European countries have so far handed out 114 million euros in privacy fines, according to a survey by law firm DLA Piper. These are fines that have been handed out under the European GDPR privacy law, known in the Netherlands under the name General Data Protection Regulation (AVG), which entered into force in May 2018.

The highest fine was awarded in France and went to Google, which has to pay 50 million euros. The French privacy watchdog also imposed a fine on other organizations. The country is followed by Germany, where the privacy authority has imposed fines totaling 24.5 million euros.

In addition, Austria (18.1 million), Italy (11.6 million), Bulgaria (3.2 million) and Spain (1.4 million) have imposed fines of more than one million euros. In the Netherlands, the Dutch Data Protection Authority (AP) has imposed one fine for the time being. It went to the Haga Hospital in The Hague and amounted to 460,000 euros.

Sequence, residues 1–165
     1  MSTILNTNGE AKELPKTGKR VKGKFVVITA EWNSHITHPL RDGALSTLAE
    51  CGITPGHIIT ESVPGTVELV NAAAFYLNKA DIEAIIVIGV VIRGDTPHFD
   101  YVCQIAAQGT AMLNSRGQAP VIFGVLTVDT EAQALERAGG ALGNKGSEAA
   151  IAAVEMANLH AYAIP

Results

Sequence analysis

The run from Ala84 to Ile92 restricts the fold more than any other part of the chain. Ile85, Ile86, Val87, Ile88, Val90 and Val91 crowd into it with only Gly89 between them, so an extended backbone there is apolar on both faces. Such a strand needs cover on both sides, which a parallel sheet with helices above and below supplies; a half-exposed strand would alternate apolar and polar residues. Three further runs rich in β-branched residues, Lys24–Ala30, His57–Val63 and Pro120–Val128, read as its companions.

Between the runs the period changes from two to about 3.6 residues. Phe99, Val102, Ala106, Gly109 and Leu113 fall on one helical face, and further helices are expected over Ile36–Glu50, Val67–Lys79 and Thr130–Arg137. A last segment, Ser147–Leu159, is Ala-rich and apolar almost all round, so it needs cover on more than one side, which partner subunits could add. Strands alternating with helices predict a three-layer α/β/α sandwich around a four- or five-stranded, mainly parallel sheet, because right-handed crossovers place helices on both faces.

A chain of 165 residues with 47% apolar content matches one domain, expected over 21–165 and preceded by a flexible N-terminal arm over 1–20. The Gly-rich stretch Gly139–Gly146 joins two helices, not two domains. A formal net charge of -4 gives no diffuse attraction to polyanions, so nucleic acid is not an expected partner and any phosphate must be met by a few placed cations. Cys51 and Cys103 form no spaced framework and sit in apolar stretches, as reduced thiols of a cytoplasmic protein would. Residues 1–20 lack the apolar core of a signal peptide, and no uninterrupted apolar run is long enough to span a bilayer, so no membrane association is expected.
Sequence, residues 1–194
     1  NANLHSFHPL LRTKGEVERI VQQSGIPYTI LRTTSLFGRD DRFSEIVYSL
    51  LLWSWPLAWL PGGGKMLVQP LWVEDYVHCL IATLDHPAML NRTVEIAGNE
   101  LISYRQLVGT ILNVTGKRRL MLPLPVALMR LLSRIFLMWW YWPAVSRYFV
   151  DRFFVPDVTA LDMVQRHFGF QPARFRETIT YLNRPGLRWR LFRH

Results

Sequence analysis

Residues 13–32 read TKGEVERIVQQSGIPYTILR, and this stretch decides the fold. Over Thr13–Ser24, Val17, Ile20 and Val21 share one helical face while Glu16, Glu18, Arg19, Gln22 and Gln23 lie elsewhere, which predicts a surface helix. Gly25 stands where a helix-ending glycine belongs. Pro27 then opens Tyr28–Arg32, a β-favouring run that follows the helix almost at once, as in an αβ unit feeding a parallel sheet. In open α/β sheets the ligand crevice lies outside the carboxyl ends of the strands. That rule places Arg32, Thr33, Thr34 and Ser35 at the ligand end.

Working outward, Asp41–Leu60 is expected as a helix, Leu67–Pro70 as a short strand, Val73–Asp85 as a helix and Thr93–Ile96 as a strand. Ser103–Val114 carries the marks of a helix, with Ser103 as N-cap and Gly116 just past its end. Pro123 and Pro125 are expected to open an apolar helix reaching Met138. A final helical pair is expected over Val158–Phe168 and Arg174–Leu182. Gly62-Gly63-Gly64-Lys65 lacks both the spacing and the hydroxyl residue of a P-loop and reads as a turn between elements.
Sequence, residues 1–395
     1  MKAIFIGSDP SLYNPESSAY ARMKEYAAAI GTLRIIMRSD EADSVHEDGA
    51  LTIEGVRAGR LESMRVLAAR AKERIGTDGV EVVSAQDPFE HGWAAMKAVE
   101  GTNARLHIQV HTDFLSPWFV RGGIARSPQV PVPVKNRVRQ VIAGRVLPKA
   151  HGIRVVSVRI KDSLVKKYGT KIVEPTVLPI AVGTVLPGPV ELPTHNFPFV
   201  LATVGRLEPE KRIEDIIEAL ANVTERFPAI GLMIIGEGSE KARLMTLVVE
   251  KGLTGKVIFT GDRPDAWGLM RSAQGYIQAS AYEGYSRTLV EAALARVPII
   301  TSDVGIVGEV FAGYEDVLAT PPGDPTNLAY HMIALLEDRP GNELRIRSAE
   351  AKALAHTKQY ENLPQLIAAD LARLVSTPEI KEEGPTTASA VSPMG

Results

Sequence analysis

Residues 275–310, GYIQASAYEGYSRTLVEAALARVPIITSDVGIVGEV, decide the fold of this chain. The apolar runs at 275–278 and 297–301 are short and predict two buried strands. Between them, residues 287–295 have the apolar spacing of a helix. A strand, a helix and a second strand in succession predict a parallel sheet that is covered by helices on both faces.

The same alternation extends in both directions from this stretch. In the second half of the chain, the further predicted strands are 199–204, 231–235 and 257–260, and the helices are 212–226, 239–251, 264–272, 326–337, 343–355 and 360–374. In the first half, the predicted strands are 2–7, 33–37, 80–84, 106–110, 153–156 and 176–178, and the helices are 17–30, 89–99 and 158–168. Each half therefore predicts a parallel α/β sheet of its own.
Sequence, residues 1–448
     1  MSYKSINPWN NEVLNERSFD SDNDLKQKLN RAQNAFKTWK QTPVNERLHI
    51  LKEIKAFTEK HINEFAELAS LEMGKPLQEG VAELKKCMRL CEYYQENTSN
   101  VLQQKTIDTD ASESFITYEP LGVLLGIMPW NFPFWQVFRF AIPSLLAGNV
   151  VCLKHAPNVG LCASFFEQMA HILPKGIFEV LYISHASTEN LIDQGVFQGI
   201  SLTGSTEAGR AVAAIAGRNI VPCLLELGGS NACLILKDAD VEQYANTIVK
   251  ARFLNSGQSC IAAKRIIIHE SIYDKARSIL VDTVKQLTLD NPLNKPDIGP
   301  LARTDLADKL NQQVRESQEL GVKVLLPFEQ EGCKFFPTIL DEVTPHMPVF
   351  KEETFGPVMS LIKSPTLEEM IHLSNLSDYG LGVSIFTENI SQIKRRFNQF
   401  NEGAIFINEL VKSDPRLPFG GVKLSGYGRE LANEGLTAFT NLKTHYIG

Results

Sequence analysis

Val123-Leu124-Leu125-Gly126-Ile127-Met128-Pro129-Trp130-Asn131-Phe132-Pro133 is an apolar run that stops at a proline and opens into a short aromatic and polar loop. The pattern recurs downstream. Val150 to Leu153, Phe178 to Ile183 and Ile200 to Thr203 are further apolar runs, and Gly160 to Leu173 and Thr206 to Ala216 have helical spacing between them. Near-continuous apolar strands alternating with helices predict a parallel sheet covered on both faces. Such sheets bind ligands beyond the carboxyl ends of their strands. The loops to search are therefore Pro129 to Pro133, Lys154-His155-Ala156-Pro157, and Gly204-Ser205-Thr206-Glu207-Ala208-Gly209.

Under the predecessor of the AVG, the AP already had the right to issue fines - and did so once to Uber - but under the GDPR, the privacy authorities in all European countries have been given that authority. The fines can amount to 4 percent of the annual turnover of a company.

In addition to the financial penalties already imposed, British Airways has a fine of 183.4 million pounds (215.1 million euros). The Marriott hotel chain may also have to pay £ 99.2 million. The data of millions of customers from both companies was visible to hackers, after which the British privacy watchdog found that the organizations had not properly protected the data.